The question in the case, therefore, is direct, that is, the power of the Land Office under the cited statutes and the facts recited in the petition. This power, we may say at the outset, necessarily is something more than ministerial, the mere yielding to and registry of any demand, and yet, on the other hand, not arbitrary, without statutory direction or regulation by settled rules and principles. In other words, the Land Office is like any other tribunal—its institution and purpose defining and measuring its power, the determining elements being those of fact and law, upon which necessarily judgment must be passed.
What are the elements of fact and of law in the present case? As set forth in the petition they are these:
Sections 2347 to 2352 of the Revised Statutes (Comp. St. §§ 4659-4664) provide for the entry of vacant coal lands, 160 acres to an individual, 320 acres to an association, who have opened and improved, or shall 'open and improve [italics ours], any coal mine or mines upon the public lands.' Section 2348.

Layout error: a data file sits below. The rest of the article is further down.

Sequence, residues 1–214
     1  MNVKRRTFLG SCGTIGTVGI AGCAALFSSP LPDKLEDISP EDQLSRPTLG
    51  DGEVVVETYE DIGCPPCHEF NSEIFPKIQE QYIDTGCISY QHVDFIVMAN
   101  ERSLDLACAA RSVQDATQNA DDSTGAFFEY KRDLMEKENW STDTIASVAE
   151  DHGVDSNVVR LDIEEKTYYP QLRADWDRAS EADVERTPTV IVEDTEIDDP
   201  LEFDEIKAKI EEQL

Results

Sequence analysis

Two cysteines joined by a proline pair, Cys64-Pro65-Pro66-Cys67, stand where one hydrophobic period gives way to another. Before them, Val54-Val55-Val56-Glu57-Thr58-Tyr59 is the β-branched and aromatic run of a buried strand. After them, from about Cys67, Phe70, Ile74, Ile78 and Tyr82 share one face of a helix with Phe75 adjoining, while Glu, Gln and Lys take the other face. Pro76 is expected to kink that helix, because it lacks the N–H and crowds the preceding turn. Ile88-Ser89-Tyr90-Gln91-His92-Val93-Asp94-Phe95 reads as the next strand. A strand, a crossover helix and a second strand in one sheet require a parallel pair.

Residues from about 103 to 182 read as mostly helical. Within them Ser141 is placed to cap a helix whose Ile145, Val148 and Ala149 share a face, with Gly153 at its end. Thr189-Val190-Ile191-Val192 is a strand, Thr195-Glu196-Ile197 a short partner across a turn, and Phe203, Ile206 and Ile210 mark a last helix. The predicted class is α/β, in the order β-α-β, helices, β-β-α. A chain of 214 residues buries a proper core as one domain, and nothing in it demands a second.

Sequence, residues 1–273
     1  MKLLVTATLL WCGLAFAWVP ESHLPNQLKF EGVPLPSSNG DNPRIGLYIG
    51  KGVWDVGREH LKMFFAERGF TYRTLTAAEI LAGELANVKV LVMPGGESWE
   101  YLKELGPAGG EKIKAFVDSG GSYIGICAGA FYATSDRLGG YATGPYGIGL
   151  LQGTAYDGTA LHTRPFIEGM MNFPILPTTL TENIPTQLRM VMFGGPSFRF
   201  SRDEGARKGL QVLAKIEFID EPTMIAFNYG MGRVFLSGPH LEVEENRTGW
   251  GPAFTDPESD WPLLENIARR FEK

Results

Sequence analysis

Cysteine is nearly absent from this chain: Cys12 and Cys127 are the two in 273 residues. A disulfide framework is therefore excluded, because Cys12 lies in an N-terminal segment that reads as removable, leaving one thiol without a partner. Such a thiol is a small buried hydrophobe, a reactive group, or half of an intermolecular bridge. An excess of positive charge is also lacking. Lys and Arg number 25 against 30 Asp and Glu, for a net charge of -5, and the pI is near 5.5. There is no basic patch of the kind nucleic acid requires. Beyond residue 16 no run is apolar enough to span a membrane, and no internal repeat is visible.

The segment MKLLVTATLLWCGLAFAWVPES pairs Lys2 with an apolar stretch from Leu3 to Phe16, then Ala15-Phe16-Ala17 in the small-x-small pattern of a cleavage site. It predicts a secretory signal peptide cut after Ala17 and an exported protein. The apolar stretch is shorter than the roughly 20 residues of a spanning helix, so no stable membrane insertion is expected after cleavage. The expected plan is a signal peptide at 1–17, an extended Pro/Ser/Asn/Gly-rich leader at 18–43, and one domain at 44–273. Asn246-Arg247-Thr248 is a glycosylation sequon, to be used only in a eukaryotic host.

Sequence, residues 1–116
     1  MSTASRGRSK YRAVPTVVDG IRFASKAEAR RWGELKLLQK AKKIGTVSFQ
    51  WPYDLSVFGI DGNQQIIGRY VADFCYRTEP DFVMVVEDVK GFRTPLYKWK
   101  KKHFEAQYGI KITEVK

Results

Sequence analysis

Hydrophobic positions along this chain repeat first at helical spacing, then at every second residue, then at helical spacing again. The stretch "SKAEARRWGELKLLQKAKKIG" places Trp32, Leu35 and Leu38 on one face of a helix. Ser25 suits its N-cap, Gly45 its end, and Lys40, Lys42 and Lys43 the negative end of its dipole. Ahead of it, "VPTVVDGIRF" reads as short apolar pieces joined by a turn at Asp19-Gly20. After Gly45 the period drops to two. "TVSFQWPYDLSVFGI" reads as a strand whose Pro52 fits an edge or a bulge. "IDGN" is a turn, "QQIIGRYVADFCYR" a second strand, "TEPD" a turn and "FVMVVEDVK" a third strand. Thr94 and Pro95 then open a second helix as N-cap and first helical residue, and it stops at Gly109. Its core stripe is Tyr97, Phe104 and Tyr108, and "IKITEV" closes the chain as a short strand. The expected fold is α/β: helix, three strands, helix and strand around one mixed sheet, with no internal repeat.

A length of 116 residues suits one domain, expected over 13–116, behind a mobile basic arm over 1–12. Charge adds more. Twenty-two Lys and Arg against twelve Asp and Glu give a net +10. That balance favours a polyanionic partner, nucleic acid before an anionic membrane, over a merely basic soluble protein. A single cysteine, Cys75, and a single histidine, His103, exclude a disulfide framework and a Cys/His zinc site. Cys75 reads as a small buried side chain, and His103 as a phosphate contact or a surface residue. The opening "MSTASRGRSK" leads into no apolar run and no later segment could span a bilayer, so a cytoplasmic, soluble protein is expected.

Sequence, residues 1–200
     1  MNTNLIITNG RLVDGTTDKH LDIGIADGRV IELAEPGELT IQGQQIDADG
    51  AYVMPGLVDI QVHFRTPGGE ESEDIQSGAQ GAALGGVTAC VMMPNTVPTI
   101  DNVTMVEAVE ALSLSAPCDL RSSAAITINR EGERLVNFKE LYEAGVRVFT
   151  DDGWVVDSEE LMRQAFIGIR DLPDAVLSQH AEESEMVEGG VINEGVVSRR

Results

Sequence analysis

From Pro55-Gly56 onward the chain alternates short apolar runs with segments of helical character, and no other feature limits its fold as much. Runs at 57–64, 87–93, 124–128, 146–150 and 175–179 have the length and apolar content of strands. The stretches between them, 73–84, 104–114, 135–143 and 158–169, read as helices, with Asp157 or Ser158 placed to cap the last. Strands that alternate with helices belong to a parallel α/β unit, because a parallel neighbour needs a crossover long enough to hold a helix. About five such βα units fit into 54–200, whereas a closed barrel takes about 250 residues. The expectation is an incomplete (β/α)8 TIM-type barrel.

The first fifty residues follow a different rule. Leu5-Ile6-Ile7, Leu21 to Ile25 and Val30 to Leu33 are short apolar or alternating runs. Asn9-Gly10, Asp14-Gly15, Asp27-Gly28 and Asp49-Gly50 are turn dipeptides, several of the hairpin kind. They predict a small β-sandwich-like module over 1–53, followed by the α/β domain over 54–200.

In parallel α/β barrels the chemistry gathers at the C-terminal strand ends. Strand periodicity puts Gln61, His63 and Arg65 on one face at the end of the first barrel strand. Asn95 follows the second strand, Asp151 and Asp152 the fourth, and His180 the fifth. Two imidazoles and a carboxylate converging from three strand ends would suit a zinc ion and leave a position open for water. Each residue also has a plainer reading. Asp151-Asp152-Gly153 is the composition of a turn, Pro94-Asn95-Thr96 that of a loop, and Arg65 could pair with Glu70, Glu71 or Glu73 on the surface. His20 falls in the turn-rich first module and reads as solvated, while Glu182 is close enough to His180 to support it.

These sections were extended to Alaska by an act passed June 6, 1900 (31 Stat. 658, c. 796), and the latter act was amended by the Act of April 28, 1904, supra, section 1 of which provides:
'That any person or association of persons qualified to make entry under the coal land laws of the United States, who shall have opened or improved [italics ours] a coal mine or coal mines on any of the unsurveyed public lands of the United States in the district of Alaska, may locate the lands upon which such mine or mines are situated. * * *'
Section 2 of the act provides for the application for and issue of patent.
The Act of May 28, 1908, provides for the consolidation of claims and their inclusion in a single claim. It is otherwise of no importance.
It will be observed that the only substantial difference between the sections of the Revised Statutes and the act extending them to Alaska is that by the former the right of location is granted to one or those 'who have opened and improved' a mine or mines, and 'who have opened or improved' a mine or mines.
Petitioner in great volume asserts locations under the Act of April 28, 1904, to which locations it has succeeded. The facts which locations it has succeeded. The facts concerning them are not in dispute; but whether what was done constituted an opening or improvement of mines, and constrained a decision other than that given by the Land Office, is in dispute.